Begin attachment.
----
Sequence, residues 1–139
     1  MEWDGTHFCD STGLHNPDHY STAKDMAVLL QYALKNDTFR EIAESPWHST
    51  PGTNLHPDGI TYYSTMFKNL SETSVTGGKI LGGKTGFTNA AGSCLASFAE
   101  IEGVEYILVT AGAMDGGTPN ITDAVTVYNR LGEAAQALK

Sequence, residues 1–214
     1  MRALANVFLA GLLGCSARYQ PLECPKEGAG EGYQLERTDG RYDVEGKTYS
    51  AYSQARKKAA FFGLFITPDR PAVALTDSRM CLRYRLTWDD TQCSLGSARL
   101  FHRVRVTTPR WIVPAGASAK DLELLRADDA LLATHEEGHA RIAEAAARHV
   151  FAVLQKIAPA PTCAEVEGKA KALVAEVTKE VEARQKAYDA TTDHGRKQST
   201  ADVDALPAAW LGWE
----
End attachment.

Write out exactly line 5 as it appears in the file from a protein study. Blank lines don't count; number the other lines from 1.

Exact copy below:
Sequence, residues 1–214